Building off Linux 5.9 that featured initial support for Gen12 graphics on next year's Rocket Lake desktop platform along with other early enablement for Rocket Lake like RAPL support and other PCI ID additions, that work has continued for the Linux 5.10 cycle. The libata pull adds Rocket Lake PCH-H RAID PCI IDs as one of the additions. There is also the platform-drivers-x86 work for Linux 5.10 where Rocket Lake support is added to the intel_pmc_core driver.

  • GCC's Ada Frontend Seeing More Work On NVIDIA CUDA Support - Phoronix

    Should you want to use the Ada programming language for GPU programming, the GCC compiler has been working on CUDA support within its front-end for this safety and security minded language. In the past born out of academia there's been CUDA Ada bindings. There has also been Ada/SPARK GPU programming initiatives in the past with various APIs. This latest still ongoing effort is wiring up the GCC Ada front-end with CUDA support.

  • You may want to avoid Linux Kernel 5.9 if you want fully supported NVIDIA drivers | GamingOnLinux

    On the official NVIDIA forum, an employee put out an announcement warning NVIDIA GPU owners that the Linux Kernel 5.9 and later is currently unsupported. It's worth noting they posted that in the CUDA forum, so other workloads like gaming may work as normal. In the post they mention Kernel 5.9+ is currently "incompatible" with any of their drivers, and they're suggesting to wait until "mid-November" for a fresh NVIDIA driver update which is expected to bring support for it. They're "working diligently" to get ready to support it.

Con Kolivas Releases Linux 5.9-ck1 (MuQSS)

      
  • -ck hacking: linux-5.9-ck1, MuQSS version 0.204 for linux-5.9

    Unfortunately these past few months have been marred by lockdown and family issues, culminating in the ultimate death of my father just over a month ago (unrelated to covid19 but made that much worse because of its effects on everything in our city) so linux kernel was the furthest thing from my mind and a 5.8 resync never happened. He'll be sorely missed, and if this were something more substantial I'd dedicate it towards him but it doesn't do him justice. Announcing a new -ck release, 5.9-ck1  with the latest version of the Multiple Queue Skiplist Scheduler, version 0.204 These are patches designed to improve system responsiveness and interactivity with specific emphasis on the desktop, but configurable for any workload.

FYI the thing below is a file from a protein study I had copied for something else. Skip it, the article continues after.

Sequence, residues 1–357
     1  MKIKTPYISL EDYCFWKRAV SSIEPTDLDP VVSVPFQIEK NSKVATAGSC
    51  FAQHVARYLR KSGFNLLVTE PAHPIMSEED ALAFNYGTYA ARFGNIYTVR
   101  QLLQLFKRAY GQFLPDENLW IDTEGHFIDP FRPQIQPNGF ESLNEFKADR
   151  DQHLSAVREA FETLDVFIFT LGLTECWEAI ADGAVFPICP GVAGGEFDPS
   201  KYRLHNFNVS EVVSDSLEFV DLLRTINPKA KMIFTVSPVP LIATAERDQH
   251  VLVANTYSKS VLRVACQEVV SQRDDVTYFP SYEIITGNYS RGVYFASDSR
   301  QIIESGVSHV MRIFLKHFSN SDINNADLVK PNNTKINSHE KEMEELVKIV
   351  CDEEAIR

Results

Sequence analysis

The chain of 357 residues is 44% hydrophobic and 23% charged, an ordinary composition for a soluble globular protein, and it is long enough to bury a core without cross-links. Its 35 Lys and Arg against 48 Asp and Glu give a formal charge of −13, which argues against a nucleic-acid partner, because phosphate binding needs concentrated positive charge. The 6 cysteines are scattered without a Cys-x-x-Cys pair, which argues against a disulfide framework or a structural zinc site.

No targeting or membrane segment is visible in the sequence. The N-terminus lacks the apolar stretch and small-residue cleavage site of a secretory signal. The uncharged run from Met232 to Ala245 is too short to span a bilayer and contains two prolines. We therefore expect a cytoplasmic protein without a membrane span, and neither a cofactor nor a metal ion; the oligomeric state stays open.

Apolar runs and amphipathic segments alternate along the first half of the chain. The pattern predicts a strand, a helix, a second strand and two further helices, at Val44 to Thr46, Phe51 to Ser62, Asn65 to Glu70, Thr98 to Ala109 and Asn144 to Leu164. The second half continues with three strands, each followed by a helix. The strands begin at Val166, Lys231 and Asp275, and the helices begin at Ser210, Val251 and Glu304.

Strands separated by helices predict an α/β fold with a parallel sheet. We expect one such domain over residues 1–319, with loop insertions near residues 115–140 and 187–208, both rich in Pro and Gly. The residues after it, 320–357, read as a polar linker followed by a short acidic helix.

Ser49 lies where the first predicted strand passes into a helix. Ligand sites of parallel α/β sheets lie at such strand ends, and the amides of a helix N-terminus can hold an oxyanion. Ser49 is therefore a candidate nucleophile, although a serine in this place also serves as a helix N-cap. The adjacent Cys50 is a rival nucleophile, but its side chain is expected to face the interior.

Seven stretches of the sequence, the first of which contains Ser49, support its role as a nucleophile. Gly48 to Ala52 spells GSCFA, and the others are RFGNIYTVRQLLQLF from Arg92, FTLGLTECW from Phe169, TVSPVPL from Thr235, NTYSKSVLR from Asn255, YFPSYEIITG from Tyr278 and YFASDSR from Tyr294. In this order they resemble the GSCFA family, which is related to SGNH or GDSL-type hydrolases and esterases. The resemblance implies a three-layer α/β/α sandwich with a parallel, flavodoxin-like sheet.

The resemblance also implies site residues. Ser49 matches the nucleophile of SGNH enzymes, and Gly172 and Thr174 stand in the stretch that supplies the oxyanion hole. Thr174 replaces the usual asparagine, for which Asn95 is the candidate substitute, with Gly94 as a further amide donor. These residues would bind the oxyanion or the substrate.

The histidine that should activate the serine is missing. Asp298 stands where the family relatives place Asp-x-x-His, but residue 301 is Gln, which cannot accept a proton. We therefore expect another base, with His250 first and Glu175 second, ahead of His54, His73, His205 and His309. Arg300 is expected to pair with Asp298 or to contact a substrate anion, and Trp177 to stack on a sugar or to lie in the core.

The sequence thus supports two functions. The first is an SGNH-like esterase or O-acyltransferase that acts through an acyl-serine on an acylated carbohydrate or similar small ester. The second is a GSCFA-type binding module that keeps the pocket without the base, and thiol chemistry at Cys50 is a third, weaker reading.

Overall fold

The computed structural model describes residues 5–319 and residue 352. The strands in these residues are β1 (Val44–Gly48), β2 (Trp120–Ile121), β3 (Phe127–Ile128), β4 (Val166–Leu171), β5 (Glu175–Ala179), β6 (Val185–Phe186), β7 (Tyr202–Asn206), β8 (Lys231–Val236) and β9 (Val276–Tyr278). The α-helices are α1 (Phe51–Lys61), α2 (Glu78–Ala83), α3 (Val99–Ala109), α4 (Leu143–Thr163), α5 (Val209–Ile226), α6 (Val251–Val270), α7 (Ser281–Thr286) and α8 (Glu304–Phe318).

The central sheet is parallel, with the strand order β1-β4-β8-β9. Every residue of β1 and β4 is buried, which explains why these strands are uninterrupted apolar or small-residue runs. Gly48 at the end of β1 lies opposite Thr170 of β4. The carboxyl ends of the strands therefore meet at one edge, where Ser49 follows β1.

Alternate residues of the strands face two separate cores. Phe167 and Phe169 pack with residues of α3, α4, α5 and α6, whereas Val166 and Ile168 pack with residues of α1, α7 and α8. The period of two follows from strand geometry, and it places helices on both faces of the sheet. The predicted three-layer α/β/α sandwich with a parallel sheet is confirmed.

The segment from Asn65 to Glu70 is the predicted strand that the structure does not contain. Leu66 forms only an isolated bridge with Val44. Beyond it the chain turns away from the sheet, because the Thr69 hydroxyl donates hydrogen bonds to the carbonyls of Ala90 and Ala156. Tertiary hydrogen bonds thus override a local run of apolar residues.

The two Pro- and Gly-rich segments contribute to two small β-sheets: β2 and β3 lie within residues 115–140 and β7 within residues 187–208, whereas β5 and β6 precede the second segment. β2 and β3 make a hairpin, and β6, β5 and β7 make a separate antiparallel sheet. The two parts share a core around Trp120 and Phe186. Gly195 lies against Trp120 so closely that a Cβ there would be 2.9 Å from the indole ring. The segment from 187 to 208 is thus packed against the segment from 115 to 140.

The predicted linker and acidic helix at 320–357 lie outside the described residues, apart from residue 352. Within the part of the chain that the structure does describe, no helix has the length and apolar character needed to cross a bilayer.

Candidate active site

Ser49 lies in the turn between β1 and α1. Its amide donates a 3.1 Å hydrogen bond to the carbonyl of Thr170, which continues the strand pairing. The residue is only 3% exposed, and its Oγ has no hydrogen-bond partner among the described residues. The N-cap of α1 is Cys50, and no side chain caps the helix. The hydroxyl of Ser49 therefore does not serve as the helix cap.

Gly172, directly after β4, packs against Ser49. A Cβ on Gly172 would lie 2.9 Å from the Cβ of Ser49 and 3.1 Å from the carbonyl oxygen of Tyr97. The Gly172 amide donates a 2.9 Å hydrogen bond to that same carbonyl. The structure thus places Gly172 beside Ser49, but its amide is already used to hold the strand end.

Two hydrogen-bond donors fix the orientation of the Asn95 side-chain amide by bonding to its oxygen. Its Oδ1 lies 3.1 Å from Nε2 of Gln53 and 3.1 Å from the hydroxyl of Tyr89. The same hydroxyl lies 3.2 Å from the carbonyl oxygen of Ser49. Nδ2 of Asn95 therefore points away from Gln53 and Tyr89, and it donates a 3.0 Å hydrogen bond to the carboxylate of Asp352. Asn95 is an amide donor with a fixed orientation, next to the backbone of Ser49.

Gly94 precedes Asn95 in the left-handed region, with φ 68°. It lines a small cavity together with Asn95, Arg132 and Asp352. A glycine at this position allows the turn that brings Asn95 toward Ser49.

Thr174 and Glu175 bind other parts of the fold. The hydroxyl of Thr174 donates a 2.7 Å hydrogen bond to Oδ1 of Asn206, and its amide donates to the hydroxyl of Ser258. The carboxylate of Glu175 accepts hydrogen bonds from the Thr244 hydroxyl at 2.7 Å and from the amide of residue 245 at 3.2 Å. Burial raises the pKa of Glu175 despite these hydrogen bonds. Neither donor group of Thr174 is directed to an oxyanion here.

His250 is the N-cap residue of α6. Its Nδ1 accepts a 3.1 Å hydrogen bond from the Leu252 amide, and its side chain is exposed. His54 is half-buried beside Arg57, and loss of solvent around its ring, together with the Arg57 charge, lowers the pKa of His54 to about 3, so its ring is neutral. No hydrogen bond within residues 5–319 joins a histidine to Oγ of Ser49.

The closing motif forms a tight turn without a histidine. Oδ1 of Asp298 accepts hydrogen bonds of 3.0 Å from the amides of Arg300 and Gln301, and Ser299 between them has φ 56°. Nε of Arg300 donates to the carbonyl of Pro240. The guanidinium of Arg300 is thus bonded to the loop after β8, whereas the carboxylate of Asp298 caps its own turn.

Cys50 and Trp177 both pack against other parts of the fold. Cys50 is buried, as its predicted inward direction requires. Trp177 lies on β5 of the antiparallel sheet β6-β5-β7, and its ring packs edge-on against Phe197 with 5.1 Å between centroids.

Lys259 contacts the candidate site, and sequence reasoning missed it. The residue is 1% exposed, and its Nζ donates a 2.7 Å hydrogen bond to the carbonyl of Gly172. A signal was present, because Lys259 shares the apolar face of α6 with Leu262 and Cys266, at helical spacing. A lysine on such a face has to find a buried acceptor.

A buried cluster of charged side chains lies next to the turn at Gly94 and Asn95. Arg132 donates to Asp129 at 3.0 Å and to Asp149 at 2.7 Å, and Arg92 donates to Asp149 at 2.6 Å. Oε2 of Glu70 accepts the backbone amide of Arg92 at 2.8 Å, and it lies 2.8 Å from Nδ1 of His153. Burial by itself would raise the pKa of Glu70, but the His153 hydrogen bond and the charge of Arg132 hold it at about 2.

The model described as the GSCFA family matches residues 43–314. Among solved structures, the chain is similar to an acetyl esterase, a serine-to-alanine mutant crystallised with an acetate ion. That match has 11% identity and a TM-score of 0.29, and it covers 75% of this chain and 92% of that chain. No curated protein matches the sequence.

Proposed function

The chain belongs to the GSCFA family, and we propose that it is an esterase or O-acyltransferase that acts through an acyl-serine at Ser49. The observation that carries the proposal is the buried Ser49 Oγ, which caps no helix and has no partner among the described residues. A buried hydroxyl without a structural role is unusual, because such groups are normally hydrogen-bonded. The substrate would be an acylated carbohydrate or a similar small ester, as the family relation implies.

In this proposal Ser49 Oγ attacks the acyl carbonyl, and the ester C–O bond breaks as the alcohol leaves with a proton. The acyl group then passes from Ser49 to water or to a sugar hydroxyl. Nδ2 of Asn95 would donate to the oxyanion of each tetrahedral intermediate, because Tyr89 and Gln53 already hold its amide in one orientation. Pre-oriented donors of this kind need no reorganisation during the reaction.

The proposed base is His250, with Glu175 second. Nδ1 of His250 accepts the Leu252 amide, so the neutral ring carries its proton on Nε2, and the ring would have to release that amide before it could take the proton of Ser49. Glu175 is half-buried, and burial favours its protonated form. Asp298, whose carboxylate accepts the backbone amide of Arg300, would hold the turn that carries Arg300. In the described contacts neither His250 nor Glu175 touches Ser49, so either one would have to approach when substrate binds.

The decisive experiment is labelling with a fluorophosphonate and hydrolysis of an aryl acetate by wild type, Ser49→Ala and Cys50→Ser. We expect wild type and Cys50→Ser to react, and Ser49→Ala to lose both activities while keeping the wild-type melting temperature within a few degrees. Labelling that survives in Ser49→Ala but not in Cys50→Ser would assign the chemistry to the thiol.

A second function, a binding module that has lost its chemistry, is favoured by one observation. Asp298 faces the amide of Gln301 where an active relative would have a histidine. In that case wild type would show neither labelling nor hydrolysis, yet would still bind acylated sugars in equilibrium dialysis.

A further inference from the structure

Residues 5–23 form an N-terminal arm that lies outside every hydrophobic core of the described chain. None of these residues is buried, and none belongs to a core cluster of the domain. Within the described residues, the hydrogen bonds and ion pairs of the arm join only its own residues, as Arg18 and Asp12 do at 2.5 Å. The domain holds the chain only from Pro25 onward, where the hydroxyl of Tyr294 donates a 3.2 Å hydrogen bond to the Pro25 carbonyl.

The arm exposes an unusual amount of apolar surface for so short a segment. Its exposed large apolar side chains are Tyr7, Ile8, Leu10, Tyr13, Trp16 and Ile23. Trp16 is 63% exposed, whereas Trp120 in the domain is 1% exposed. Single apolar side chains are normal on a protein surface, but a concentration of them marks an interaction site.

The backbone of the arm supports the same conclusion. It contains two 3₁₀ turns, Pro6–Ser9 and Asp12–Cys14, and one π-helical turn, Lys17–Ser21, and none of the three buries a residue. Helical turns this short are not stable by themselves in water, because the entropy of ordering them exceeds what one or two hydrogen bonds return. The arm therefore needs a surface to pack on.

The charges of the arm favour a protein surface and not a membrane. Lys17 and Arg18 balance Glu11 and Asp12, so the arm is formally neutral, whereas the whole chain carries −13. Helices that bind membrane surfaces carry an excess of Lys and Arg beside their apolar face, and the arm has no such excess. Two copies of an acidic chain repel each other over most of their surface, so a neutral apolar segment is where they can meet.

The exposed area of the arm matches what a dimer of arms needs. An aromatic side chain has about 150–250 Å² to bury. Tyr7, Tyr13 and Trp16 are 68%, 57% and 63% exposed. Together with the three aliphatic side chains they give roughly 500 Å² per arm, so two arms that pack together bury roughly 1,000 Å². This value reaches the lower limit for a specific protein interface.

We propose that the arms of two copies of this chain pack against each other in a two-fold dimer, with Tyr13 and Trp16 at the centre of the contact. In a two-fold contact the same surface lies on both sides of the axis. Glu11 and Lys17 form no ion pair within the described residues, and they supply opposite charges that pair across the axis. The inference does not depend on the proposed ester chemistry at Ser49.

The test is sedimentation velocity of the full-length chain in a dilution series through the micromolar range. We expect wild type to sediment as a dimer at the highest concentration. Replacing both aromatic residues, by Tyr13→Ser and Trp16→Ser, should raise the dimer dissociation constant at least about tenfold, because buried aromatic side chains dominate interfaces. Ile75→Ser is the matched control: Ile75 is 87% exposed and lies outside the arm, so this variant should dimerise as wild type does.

• Linux 5.9-ck1 Released With Updated MuQSS - Phoronix

    Independent Linux kernel developer Con Kolivas (and retired anaesthetist) is back on track with a new update to his "CK" patch-set and the MuQSS scheduler.  The retired doctor had taken some time off from his kernel development hobby earlier this year to help design equipment for the COVID-19 battle. He did manage to release his updated patches for Linux 5.7 but has been becoming increasingly concerned over the size of the Linux kernel and his ability in the future to continue maintaining these independent patches as a result. Making the matters worse, his father passed away (non-COVID) and that further complicated his development work. 

Change CPU Governor And Frequencies On Linux With cpupower-gui (New Release)

cpupower-gui is a tool that makes it easy to change the CPU governor as well as the CPU frequency limits on Linux. [...] This Python3 + Gtk3 application was updated to version 0.9.0 (followed by 0.9.1 to fix a few bugs) recently with new features, like the ability to use custom CPU profiles for quickly switching the settings. You can switch between the 2 pre-built profiles, Balanced and Performance, from the cpupower-gui user interface, but you can't change them or create a new profile from there. Read more

Ubuntu Vs Pop!_OS: Which One’s Better?

Both Ubuntu and Pop!OS is great for beginners as well as professionals. Like how the budget Android devices ship with a lot of bloatware, Ubuntu also ships with bloatware, resulting in a relatively poor user experience and performance compared to Pop!_OS. Ubuntu also comes with “Ubuntu Minimal options” that don’t include many applications letting you install what you actually need. Apart from that, Ubuntu’s software center has a built-in section for snap applications, whereas you won’t find snap packages in the Pop!_OS shop rather you’ll find the Flatpak package option. However, Snap packages take too much space on the disk; hence, we suggest you consider using the APT version of any application. Pop!_OS also has its own official PPA, where you can find applications like TensorFlow and Android Studio one “apt-get install” away from installing. Read more